In the 1980’s, in the heart of the outbreak of the AIDS epidemic, Elton John watched helplessly as friends too numerous to count, succumbed to this frightening illness. It wasn’t until he was in a waiting room one day and read an article on Ryan White, the young boy born a hemophiliac, who contracted AIDS through blood transfusions and then was attacked by the school district and parents of students who did not want him to return to school and put (as they thought at the time) their own children at risk of contacting AIDS.
Elton John was furious about the treatment of Ryan White. While working on cleaning up his own addiction to drugs at the time he conquered this and befriended White and his family. This began Elton Johns campaign to help others move beyond the stigma of AIDS.
Love is the Cure is about Elton’s work through The Elton John AIDS Foundation that has raised over $275 million dollars as of the date of this book to fight the disease worldwide. Impressively, Elton’s campaign has done wonders in third world countries where AIDS is extremely high due to rape, and unprotected sex.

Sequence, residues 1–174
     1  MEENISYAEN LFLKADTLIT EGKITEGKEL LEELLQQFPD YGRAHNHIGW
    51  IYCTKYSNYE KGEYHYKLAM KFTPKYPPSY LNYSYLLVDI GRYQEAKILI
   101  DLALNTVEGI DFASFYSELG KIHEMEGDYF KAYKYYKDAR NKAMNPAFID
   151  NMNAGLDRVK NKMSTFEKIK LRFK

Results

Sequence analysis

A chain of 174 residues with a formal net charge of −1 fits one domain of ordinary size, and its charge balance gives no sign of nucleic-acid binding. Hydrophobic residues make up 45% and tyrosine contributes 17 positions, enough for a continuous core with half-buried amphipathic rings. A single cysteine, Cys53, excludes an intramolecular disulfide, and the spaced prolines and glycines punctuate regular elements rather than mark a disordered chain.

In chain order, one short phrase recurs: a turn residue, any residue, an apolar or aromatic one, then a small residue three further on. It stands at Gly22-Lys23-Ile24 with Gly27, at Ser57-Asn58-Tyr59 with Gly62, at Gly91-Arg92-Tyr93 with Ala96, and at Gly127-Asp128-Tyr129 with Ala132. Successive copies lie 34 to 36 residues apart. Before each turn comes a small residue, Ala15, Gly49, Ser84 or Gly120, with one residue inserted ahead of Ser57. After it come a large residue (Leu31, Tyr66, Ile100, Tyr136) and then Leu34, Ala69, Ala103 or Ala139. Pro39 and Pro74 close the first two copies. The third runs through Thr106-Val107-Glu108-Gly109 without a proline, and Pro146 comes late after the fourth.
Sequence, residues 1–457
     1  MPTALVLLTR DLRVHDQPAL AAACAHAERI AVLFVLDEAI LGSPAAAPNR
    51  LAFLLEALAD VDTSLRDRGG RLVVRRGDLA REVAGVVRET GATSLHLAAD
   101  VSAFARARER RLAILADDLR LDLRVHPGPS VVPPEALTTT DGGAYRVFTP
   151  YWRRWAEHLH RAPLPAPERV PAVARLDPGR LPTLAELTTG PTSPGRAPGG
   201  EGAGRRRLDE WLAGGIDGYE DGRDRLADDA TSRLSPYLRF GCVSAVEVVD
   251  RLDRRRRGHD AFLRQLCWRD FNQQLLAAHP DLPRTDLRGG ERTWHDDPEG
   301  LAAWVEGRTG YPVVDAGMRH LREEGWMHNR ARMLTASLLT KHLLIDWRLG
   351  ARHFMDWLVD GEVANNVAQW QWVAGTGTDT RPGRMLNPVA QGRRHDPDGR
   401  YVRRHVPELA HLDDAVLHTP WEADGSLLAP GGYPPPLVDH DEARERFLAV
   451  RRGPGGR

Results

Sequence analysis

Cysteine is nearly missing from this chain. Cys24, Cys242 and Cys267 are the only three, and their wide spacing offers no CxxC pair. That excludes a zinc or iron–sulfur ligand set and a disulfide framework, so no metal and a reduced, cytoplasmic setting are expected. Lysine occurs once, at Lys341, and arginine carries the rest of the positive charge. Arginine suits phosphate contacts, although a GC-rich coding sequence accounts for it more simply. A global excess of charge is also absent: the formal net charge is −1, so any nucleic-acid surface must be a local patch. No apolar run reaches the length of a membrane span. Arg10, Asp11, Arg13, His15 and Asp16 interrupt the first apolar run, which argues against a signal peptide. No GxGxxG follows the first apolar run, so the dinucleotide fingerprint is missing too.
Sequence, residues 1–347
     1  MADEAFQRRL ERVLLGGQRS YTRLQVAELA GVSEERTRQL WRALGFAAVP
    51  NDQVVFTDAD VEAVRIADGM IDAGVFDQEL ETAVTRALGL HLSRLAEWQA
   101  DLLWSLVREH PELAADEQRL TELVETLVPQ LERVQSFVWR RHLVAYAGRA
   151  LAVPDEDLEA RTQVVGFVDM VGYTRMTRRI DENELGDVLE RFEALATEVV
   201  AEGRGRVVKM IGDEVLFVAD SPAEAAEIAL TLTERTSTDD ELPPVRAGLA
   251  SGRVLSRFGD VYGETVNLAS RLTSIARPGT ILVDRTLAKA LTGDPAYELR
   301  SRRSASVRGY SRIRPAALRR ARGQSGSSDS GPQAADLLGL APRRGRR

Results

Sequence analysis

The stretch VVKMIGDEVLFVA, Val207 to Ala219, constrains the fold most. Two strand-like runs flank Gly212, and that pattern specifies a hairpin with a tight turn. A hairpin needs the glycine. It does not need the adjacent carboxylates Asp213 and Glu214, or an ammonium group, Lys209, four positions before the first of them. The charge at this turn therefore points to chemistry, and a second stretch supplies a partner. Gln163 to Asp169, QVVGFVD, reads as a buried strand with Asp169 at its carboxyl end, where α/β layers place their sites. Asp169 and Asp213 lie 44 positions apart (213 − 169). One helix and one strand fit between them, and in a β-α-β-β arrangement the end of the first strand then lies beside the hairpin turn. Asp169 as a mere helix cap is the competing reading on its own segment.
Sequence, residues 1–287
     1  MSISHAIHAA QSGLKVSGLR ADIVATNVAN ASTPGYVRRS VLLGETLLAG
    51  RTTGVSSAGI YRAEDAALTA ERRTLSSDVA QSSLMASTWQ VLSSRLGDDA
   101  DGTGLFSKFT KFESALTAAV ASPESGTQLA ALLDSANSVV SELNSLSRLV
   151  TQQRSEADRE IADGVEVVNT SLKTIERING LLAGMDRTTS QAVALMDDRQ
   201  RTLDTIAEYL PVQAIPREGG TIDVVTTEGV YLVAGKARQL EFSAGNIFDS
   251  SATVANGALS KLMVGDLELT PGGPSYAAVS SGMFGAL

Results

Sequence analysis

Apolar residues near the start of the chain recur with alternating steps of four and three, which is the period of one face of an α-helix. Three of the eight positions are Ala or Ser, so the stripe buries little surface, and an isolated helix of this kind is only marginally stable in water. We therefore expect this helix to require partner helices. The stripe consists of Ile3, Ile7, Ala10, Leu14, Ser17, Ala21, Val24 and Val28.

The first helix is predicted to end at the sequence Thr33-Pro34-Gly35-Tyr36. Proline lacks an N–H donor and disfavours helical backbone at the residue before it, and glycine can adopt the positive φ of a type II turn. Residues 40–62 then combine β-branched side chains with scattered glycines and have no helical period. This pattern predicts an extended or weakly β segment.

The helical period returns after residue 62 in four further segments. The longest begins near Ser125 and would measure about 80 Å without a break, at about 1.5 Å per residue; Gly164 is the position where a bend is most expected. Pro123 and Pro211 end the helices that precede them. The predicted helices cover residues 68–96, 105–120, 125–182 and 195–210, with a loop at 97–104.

I have huge compassion for people with AIDS. I am a part of a local camp that raises money for AIDS awareness and have met wonderful people through this. People that I am proud to call my friends.
When I seen Elton’s book I knew I had to listen to it to hear his thoughts on AIDS. For the most part, I liked what he said. It was interesting to listen to this audio, narrated (BRILLIANTLY) by him, as he talked about the early years of AIDS his lack of attentiveness, and to now all that is being done around the world and what has yet to be done.
Elton had and has powerful connections to Presidents, Musicians, and Actors. I was impressed to hear all that Bill Clinton has done in the war against AIDS. I was also saddened as Elton John talked about some of the brilliant people who lost that war, Freddie Mercury (QUEEN), Rock Hudson, Liberace, Anthony Perkins, Issac Asimov, Robert Reed, just to name very few…
Elton’s book is factual, and it is personal. I am always stunned by the numbers, 34 million people as of 2010 who has been reported as having AIDS, that number is in fact considerably greater as some states to this day do not report AIDS cases and many never seek treatment and go undiagnosed.
An eye-opening look at the battle that while not as talked about as it once was, is still being fought to this day.